Aileen Espíritu - Senior Research Fellow at the Barents Institute

Aileen A. Espíritu’s research project at the Barents Institute is entitled “Service Provision, Environmental Management, and Sustainable Communities: a qualitative comparative study of Quality of Life in the Barents Region.” Aileen started her research at Kirkenes in July 2007. The aim of this research project is to determine how a good quality of life of Barents communities is sustained, or in some cases attained in an environment of transformation and change brought on by the “new economy”.
E-mail: aileen.espiritu at
Aileen Espíritu’s doctoral dissertation examined the impact of oil and gas development on indigenous peoples in Northwest Siberia, and analysed the industrialisation (Sovietisation) of their culture, economies, and way of life. Espíritu has also done research on the quality of life of the Sakha people living in the diamond mining regions of the Sakha Republic, Russia. She has recently completed a project on the political participation of indigenous women and men in Northwest Siberia since the 1930s, and is presently part-time conducting a similar research project on gendered political participation of the Sámi of Northern Norway since 1945. Espíritu is native English speaker; her field interviews have been based on her knowledge of Russian and Tagalog which she is able to read and speak, and to write to some extent.
In her current research she is particularly focusing: Social quality and quality of life in the Arctic regions; Identity politics in indigenous and non-indigenous Northern communities; Gendered political participation among indigenous peoples of the Circumpolar North; The impact of industrialization and post-industrialization on small towns in the North; The politics of environmental management and energy security in Russia; The ethics of ethnography.
Espíritu has served as Assist. Prof. at the University of Northern British Columbia, she holds a PhD in History from the University of Alberta, Canada. She has extensive teaching experience, from among other courses in the following topics: Russian History, Politics, Social Development; Imperial Russia and Soviet History; The Circumpolar World (North); Special Topics in the History of Northern Europe: Nationalism and Nationalities Policies under the Soviet Regime; Themes in the History of Gender: Gender; Colonialism and Nationalism; Comparative Women's History: Gender, Nationalism and Citizenship; The Scandinavian Welfare State; Geography of the Circumpolar North; Feminist Theories: Gender, Nationalism; Aspects of International Relations; Economic History of Peripheral Regions: Colonisation and Development; Topics in the History of Gender: The Family; Folk Law, Legal Pluralism and Citizenship in Northern Europe; Environmental History. Notable among several awards, she successfully has obtained funding from the Canadian Social Sciences and Humanities Research Council, the Gorbachev Foundation (University of Calgary), The Royal Norwegian Embassy (Ottawa) and the Northern Land Use Institute (University of Northern British Columbia).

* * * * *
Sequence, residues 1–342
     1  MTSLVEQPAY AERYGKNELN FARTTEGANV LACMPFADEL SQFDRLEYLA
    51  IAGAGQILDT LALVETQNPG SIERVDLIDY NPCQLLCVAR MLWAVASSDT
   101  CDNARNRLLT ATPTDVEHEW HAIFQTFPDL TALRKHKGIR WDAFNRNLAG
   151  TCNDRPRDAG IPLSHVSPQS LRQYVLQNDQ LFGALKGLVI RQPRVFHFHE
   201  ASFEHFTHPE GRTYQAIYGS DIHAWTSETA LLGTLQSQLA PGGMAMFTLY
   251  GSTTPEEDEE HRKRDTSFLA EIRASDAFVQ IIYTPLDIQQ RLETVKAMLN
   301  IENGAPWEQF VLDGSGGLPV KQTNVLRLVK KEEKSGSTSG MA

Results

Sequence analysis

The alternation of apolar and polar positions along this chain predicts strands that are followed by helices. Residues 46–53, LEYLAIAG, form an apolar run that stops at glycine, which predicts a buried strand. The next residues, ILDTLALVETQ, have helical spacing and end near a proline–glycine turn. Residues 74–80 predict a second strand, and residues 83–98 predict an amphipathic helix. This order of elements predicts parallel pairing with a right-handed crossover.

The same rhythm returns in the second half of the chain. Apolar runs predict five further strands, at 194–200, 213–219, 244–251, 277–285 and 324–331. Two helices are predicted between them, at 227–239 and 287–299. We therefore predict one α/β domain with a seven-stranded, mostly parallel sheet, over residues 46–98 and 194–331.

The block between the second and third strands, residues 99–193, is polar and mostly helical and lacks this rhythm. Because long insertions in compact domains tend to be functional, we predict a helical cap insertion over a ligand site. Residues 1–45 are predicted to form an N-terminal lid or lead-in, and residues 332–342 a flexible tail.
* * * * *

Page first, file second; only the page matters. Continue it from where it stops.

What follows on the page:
Current research projects include:
  • Quality of life in one-industry towns and cities in the Barents Region.
  • The politicization of the Khanty and Mansi of Northwest Siberia: a gendered analysis.
  • Gendered political participation of indigenous Khanty and Mansi (Northwest Siberia) and Sami (Northern Norway) in comparative perspective.
  • The impact of oil and gas development on indigenous peoples of Northwest Siberia.
  • Energy security and Putin’s Russia.
Selected articles:
  • "Oil and Gas Development in Northwest Siberia: A Road of Discord," Northern Review. Accepted. Forthcoming, 2007.
  • “Russian Energy Security & Cross-border Cooperation: A Tool for Conflict Prevention” paper in press in the proceedings of: “Energy – The challenge of the 21st Century” conference hosted by the Madariaga European Foundation (MEF) at the European Foundation Centre’s (EFC) 18th Annual General Assembly (AGA), Madrid, Spain June 1st-3rd 2007.
  • "The Local Perspective: Interviews with Sakha in the Viliui River Region” Central Eurasian Studies Review, vol. 1 (2002) no. 1, Winter.
  • "Whither the Northern Natives in Russian History?" in: Kerry Abel and Ken S. Coates, eds. Northern Visions: New Perspectives on the North in Canadian History (Broadview Press, 2001).
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